Please note: Completing a Master of Education degree program does not lead to state certification or licensure. The MEd is not designed or intended to lead in any way toward a teaching license, endorsement, or administrative credential.

Research Course 1
3 credits
EDGR 601 (3)
Educational Research

This course provides students with the basic competencies necessary to understand and evaluate the research of others, and to plan their own research with a minimum of assistance. This course includes the basics of both qualitative and quantitative research.

Please note: Completing a Master of Education degree program does not lead to state certification or licensure. The MEd is not designed or intended to lead in any way toward a teaching license, endorsement, or administrative credential.

MEd in CTE - Capstone
3 credits
EDCT 604 (3)
CTE Capstone

CTE Capstone is an integrative learning experience in which students bring together the knowledge and skills they have acquired in the Masters in Career and Technical Education degree program at Concordia University. Candidates will learn more about the action research methodology, complete final edits of the Literature Review, and design a complete Action Research proposal including data collection methods and analysis approaches. (During this course, the proposal will NOT be implemented with students/participants.) This design provides students with the requisite skills and means to pursue the transformative practice called “Action Research” focused on issues of importance to CTE in their classroom, school, district or other work environment.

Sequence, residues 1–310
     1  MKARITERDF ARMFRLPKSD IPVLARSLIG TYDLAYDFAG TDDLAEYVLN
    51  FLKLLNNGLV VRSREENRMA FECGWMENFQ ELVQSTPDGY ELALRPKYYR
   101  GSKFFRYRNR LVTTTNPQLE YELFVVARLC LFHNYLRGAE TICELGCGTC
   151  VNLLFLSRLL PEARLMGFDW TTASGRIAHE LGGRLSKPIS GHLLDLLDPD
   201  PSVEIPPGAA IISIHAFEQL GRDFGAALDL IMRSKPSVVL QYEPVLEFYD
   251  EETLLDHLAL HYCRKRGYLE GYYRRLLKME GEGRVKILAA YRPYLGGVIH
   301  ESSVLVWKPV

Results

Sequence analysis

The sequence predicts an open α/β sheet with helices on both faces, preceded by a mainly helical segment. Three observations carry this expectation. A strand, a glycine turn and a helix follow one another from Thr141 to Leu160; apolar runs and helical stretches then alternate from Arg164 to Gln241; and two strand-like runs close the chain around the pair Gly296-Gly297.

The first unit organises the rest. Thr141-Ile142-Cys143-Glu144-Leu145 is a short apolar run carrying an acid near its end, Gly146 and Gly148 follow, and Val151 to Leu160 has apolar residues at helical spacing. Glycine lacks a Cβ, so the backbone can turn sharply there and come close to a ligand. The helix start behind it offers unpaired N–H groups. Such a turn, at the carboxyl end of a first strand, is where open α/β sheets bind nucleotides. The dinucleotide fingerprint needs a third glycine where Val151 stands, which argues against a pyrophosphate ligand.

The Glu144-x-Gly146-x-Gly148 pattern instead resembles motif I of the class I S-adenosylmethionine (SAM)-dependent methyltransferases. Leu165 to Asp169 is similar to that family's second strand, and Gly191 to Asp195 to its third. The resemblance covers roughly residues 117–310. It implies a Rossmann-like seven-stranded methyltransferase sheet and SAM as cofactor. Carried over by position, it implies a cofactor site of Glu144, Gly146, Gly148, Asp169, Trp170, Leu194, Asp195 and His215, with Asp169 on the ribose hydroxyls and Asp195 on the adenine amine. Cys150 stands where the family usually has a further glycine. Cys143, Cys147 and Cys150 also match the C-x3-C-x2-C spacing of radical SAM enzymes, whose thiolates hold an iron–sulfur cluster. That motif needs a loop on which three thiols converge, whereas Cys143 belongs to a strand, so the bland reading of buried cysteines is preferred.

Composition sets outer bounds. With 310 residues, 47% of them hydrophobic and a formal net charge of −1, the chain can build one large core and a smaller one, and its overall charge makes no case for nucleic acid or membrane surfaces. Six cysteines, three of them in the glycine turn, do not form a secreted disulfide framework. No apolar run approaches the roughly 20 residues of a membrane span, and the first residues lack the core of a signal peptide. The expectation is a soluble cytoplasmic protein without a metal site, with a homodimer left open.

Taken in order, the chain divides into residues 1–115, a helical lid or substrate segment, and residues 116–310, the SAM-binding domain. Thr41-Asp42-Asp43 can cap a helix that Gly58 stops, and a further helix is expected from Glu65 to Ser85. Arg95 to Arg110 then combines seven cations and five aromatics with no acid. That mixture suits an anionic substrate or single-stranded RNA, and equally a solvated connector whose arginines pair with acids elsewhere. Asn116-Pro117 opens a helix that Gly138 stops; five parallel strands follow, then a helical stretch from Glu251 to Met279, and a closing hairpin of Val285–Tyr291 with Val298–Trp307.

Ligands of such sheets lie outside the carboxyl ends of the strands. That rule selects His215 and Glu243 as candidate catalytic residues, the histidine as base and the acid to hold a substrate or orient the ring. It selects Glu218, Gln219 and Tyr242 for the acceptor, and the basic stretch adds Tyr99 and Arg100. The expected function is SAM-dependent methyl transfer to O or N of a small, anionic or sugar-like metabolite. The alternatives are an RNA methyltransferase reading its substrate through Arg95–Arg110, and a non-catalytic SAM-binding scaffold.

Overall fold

Please note: Completing a Master of Education degree program does not lead to state certification or licensure. The MEd is not designed or intended to lead in any way toward a teaching license, endorsement, or administrative credential.